“Civil Society Organizations Should Independently Monitor Government and Donor Programs” States Ed Elmendorf, Partnership for Transparency Fund, Project Adviser, During UN Study Launch

October 6, 2016

Seeking to reflect the growing importance of Civil Society Organizations (CSOs) in international development, and the ways in which they can help implement and monitor governance improvement actions under the United Nations Agenda 2030 for Sustainable Development (2030 Agenda), the Global Foundation for Democracy and Development in partnership with the United Nations Association of America (UNA-USA) Council of Organizations (COO) and several other CSOs hosted a
study launch and panel discussion at the UN Church Center on Wednesday October 5, 2016. The event was divided into three segments including a study presentation by co-authors Sarah Little and Ed Elmendorf on behalf of the Partnership for Transparency Fund with additional remarks by Jeffery Huffines of CIVICUS and Sarah Dayringer of Global Policy Watch, an interactive Q&A session with the audience and a networking session.

Aaron Etra, Chair of UNA USA
COO, provided the words of welcome to a crowded auditorium of over 60 attendees before handing over the floor to Marc Jourdan, GFDD UN Programs & Outreach Manager and Vice Chair of UNA USA COO, who helped to introduce the speakers and moderate the panel discussion and subsequent Q&A session.

Ed Elmendorf introduced the study that he co-wrote with Sarah Little and Vinay Bhargava, by identifying several trends and their implications for CSOs, including the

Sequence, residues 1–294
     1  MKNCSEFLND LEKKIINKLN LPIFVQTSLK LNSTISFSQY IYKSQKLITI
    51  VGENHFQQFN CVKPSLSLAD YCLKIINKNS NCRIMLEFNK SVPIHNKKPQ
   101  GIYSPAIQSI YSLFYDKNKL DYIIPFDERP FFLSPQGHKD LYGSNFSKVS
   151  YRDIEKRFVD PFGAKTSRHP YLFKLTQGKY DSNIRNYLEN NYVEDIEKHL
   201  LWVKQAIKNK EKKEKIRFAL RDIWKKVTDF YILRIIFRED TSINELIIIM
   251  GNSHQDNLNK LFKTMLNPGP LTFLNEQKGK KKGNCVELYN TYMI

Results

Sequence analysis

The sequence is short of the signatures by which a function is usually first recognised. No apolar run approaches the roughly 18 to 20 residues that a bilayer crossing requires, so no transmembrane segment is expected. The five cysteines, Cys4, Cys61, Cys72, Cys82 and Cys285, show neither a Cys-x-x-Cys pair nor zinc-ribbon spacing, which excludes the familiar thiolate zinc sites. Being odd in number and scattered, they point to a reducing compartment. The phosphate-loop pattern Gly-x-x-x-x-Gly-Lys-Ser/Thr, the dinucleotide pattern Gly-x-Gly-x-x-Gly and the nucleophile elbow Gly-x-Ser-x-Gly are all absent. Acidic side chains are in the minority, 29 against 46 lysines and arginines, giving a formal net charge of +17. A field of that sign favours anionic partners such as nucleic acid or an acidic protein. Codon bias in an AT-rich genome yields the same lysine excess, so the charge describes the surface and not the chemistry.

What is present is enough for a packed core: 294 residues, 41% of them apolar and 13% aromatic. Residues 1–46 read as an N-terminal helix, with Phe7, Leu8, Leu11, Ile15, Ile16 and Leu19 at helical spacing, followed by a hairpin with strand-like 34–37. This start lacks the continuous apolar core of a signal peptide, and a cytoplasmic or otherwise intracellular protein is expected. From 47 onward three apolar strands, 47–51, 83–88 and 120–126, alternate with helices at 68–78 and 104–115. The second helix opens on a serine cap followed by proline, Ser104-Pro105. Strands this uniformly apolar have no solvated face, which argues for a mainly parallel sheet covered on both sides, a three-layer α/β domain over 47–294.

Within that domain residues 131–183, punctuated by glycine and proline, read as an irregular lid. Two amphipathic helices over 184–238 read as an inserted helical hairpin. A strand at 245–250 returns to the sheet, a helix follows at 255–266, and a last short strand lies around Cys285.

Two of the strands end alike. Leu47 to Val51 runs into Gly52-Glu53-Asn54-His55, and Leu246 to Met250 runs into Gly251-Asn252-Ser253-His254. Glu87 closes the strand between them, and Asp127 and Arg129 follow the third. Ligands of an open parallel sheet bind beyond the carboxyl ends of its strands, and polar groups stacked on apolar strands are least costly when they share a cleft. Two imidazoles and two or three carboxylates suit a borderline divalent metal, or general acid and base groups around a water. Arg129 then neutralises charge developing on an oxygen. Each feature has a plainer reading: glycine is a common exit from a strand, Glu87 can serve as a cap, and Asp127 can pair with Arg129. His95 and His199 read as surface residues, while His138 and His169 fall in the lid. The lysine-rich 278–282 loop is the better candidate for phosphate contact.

growing role that they seemed to have played over the last few decades. His colleague Sarah Little stressed that “civil society today benefits from a much more open process” as the number of international non-governmental organization (INGOs) have increased from 6,000 in 1990 to 40,000 in 2016. Following a detailed review of these trends Elmendorf and Little then outlined some key recommendations to assist CSOs in maintaining a strategic role in the implementation of the
Sustainable Development Goals (SDGs) and the 2030 Agenda.

Among these recommendations, Elmendorf called upon CSOs to take a more pro-active approach and “independently monitor government and donor programs” to ensure their effectiveness in meeting national and subnational commitments to the new development agenda over the next 15 years.

Jeffery Huffines praised the two speakers for their work in helping to advance the new agenda before highlighting the international context of the discussion and the
realities which CSOs will be faced with as they look to implement these recommendations. Huffines noted that each CSOs face their “own political dynamic given their country location” based upon which “they will need to make different choices as to how they apply their specialization”.

Sarah Dayringer concluded the panel discussion by noting the funding gaps which UN Member States are currently faced with to achieve the SDGs and the